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Effect of Exercise on Succinate Dehydrogenase Levels in the Brain

Sunjay Koshy1, under the supervision of Prof. Donna Korol2,3, in collaboration with Katherine Mitterling3

Laboratory High School, 2Department of Psychology, 3Neuroscience Program, College of Liberal Arts and Sciences, University of Illinois at Urbana-Champaign

Exercise enhances learning and memory in a variety of behavioral tasks in both human and non-human animals. Improvement on behavioral tasks by exercise has been observed; however, the molecular mechanism for this enhancement is unclear. Previous work from the Korol and Gold lab and others has shown that glucose can enhance learning and memory in humans and rodents. Exercise enhances metabolism in the periphery, suggesting that the effects of exercise on learning and memory may be due to increased metabolic efficiency. While exercise has been shown to affect metabolism in the periphery, its effects in the brain are unclear. One possible mechanism is that exercise enhances the activity of the enzymes in the mitochondrial electron transport chain, a series of proteins critical for the production of ATP. mitochondrion

Animals To determine the correlation between exercise and memory, twelve young adult male rats were used. The voluntary exercise group (exercise) had free access to running wheels for 3 weeks (n=6). The sedentary control group (sedentary) were kept in the normal home cages for the same amount of time (n=6). Tissue prep For tissue collection, the rats were perfused. First the rats were given an overdose injection of sodium pentobarbital. When they no longer had a corneal reflex, a series of incisions on the rat's underside were made and the rib cage was lifted off. A solution of 0.5% paraformaldehyde (PFA) and 10% glycerol was then pumped into the heart. The solution was pumped in for 5 minutes. The brain was then extracted and flash frozen in heptane on dry ice. The brain was stored on dry ice until the tissue was cut. Slices (40 m thick) were taken through the region of interest and mounted on slides. SDH Activity Assay The slides were warmed on a 37 degrees Celsius slide warmer and stained with a sodium succinate solution (0.55mM NBT, 0.05M Na+ succinate in 0.1M phosphate buffer). The slides were post-fixed for 3 to 4 hours in a 4% PFA solution. This staining shows levels of succinate dehydrogenase (SDH) activity in the brain slices, depending on the intensity of the staining. SDH helps in the production of ATP in the brain, and is therefore probably linked to brain activity. The slices were coverslipped and photos were taken of them. Image Analysis The gray-scale images of brain slices were analyzed using ImageJ. For each rat, two brain slices from four regions of the hippocampus (dentate gyrus hilus, corpus callosum, CA1, and CA3) were analyzed. A right and left image were taken of each slice. Using ImageJ, the area (in pixels), standard deviation of color, and mean gray value were calculated. The optical density of the slice was then calculated by using the formula: -log(transmission), where transmission equals (255-mean gray value)/255. For each rat, the optical density values for each brain region was averaged. Then the average optical density value was taken for a specific section of the brain for control group and experimental group separately. The average optical density for each hippocampal region was graphed.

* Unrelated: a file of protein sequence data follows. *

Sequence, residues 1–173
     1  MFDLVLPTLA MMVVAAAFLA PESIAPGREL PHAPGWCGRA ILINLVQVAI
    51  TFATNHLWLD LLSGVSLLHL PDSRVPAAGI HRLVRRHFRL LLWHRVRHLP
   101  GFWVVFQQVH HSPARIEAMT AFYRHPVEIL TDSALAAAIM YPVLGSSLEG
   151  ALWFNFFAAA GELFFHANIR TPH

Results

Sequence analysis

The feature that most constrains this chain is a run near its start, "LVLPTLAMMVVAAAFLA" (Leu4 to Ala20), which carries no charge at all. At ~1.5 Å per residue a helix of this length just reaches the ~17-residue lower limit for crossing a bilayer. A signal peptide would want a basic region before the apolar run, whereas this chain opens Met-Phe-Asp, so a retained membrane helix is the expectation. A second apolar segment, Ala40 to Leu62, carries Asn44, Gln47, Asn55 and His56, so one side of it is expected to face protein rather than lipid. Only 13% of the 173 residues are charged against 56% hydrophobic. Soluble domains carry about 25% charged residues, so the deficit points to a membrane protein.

SDH Activity Graphs


From the graphs, it is evident that SDH activity, and therefore brain activity, in the dentate gyrus, CA1 and CA3 may be higher in exercising rats than in sedentary rats. In the corpus callosum graph , the optical density (and therefore the level of SDH activity) seem to be roughly equivalent in both the sedentary and exercising rats. The lack of difference between exercise and sedentary rats in the corpus callosum suggests that exercise does not change SDH activity in myelinated brain regions.

Dentate gyrus

Optical Density (Mean +/- SEM)

0.30 0.20 0.10 0.00 Sedentary Exercise


Optical Density (Mean +/- SEM)

0.40 0.30 0.20 0.10 0.00 Sedentary Exercise

From this experiment I have found that exercise does improve levels of succinate dehydrogenase activity, which impact memory and learning capabilities.


Future Directions
Examine the interaction between estradiol and exercise on learning and SDH activity in young adult female rats Examine the effects of exercise and/or estradiol in aged rats Examine the effects of exercise and/or estradiol on other mitochondria electron transport chain enzymes


Optical Density (Mean +/- SEM)

0.40 0.30 0.20 0.10 0.00 Sedentary Exercise


Mitochondrial electron transport chain

I would like to thank the I-STEM organizers, including Prof. Liz Destefano, my faculty supervisor Pat Morris, and the other science and math faculty at Uni High. I am grateful to Prof. Korol, Katherine Mitterling, and everyone at the Korol and Gold Labs for their excellent mentorship and guidance.

This was a two-part study on the effects of exercise and estrogen on memory. The first part was to determine the relationship between exercise and memory in young adult male Long-Evans rats. To examine the effects of exercise on learning and brain function, rats were trained on a behavioral task and the activity of succinate dehydrogenase (SDH; enzyme II in the electron transport chain) was measured. The second part of the study will determine the relationship between estradiol and learning in young adult female Long-Evans rats. The results of the study could be used to further our understanding of the human brain and how we can keep our memory from degrading.


Corpus callosum

Optical Density (Mean +/- SEM)

0.06 0.04 0.02 0.00 Sedentary Exercise